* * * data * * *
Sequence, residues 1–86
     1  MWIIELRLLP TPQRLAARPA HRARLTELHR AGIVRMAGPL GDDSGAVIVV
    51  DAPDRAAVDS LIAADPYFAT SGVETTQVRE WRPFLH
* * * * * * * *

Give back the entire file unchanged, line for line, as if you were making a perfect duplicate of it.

Sequence, residues 1–86
     1  MWIIELRLLP TPQRLAARPA HRARLTELHR AGIVRMAGPL GDDSGAVIVV
    51  DAPDRAAVDS LIAADPYFAT SGVETTQVRE WRPFLH